People around the world have long benefited from what Denmark has to offer those who live outside its borders. Famous exports from this relatively small country include Lego™, Danish furniture design and the stories of Hans Christian Andersen. In the UK, interest in our Nordic neighbours has also risen as many have become hooked on the various Scandinavian thriller series now shown on British TV, including Denmark’s The Killing.
The latest Danish offering has arrived in the English-speaking world in the form of a word rather than a product or TV show. I first came across this term as I scoured an article claiming to reveal the Danish secret to raising happy children. As a mother of two, I was naturally intrigued to know what I could do to make my young offspring as happy as the Danes. I discovered that the answer, as put forward by the writer of the article, lay in bringing more “hygge” into our lives.
Although this word has only recently come into use among non-Danish speakers, it’s already made quite an impression. With no direct translation, hygge, pronounced /hʊgə/ or /h(j)uːgə/, involves getting cosy and enjoying life’s pleasures. Unsurprisingly, retailers haven’t missed the opportunity to cash in on this trend and if you go into any modern homeware shop in Britain, you’re likely to notice a lot of Scandinavian-inspired home accessories. Soft cushions, candles, and pieces of furniture made from natural materials all help build the perfect hygge scene.
While creating a calm, homely atmosphere is one part of hygge, the concept is about more than your environment. In its true form, hygge is about taking time to savour the moment, either on your own or with the people around you. This could mean enjoying a meal with friends, taking a relaxing bath or curling up on the sofa with a good book. The key is to fully appreciate what’s happening and avoid distractions. With all this in mind, it seems hardly surprising that hygge has been linked to Denmark’s ranking as one of the world’s happiest nations. It is also perhaps no coincidence that our growing interest in hygge has come at a time of political upheaval in the United Kingdom and the United States.
While many endorsements of the art of hygge can be found on social media and in the shops, there’s also been a growing backlash. If you do a search for hygge on the Internet, you’ll see titles such as, “Enough with the hygge already!” and “Hygge: The dark side of Danish comfort…” Those who don’t agree with the hype about hygge label it as smug and boring, and point out that cosiness and a good atmosphere are not exclusively Danish qualities, but qualities that have been embraced within many cultures for centuries.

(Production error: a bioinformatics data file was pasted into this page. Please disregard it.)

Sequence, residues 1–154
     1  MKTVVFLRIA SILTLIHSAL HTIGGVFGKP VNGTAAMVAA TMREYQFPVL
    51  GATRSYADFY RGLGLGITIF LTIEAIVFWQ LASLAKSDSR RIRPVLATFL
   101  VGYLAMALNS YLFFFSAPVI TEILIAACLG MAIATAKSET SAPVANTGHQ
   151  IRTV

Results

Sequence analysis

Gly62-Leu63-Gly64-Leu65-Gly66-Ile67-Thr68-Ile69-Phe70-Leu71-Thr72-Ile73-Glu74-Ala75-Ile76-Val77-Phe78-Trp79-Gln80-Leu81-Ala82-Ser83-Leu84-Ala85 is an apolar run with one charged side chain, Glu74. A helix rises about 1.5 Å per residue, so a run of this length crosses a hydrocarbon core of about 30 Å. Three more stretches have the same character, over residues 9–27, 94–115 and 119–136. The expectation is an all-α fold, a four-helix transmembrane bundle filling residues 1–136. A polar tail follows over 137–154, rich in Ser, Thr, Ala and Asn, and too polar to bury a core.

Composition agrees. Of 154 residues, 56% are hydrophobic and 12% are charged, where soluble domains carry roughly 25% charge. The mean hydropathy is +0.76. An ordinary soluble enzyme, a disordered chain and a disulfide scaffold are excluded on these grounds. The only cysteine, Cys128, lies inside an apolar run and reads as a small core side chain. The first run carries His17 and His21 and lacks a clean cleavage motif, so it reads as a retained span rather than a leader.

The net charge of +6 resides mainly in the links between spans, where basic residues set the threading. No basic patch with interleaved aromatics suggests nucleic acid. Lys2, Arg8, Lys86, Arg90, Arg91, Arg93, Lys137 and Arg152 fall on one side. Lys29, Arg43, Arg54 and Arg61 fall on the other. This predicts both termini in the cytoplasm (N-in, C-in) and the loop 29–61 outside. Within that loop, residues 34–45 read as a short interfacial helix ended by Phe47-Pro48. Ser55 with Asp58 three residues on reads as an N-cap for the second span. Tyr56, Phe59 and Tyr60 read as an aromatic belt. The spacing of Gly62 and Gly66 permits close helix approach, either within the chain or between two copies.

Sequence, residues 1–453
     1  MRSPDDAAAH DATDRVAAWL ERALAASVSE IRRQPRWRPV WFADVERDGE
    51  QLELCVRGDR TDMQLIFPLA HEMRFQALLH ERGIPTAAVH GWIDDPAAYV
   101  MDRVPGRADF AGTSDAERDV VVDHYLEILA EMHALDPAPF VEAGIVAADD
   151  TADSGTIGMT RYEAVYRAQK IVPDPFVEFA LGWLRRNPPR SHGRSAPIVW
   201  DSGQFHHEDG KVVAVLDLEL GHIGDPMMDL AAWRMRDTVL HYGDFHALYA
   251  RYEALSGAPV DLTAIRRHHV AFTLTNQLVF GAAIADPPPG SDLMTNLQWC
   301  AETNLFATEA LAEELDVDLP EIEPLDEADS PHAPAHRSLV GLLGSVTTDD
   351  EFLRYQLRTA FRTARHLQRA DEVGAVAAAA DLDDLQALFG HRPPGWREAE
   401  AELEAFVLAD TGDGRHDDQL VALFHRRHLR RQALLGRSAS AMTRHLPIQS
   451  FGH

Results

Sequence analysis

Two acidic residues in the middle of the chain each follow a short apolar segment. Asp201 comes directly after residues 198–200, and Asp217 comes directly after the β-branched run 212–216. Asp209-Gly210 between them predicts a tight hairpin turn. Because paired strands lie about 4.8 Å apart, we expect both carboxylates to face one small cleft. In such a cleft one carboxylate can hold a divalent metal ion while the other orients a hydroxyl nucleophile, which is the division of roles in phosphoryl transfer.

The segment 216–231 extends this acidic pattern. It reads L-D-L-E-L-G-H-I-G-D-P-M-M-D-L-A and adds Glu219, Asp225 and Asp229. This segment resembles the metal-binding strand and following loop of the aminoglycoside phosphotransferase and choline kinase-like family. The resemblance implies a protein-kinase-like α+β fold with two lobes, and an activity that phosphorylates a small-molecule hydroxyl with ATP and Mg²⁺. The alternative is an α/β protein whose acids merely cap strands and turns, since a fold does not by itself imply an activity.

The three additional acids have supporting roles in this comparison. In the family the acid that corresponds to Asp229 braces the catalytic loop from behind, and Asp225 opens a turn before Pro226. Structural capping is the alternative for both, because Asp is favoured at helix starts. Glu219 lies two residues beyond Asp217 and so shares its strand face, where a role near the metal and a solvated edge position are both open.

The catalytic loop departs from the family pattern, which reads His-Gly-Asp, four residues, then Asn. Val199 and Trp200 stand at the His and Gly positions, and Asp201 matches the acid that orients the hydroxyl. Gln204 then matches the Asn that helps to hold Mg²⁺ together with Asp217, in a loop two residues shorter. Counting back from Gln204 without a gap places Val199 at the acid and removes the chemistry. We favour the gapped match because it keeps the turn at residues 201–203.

Love it or hate it, hygge is becoming more and more common in English, and even made the shortlist for 2016’s Oxford Dictionaries Word of the Year. It is used not only as a noun in its own right, but also before other nouns as a modifier. You can have a hygge experience or moment, enjoy a hygge dinner or visit a hygge home.
Hygge in all its forms is a loanword, the term we use for words that we adopt from other languages. Other words from Scandinavia that have recently begun to appear more frequently in English include “fika”, a Swedish word used to describe the custom of taking a break for a hot drink and often a baked treat, and “lagom”, another Swedish word, meaning lack of excess. Can you guess which Scandinavian languages these better-known loanwords come from?*
*See the Word Origin section of each OALD entry to find out.
Only time will tell whether hygge, like these other words, is here to stay in the English language, or whether it will just be a flash in the pan. Whatever its fate, as the digital world draws us away from simpler pastimes and pleasures, perhaps we’d all benefit from following the example of the Danes and “hygge-fying” our lives a little more.
Hygge is not yet in the online version of Oxford Advanced Learner’s Dictionary but look out for it in a future update.
Leonie Hey is an Editor in OUP’s ELT Dictionaries department. She taught English in Sardinia and worked as a language teacher in the UK before joining OUP in 2011. She is bringing hygge to Oxford one cake at a time.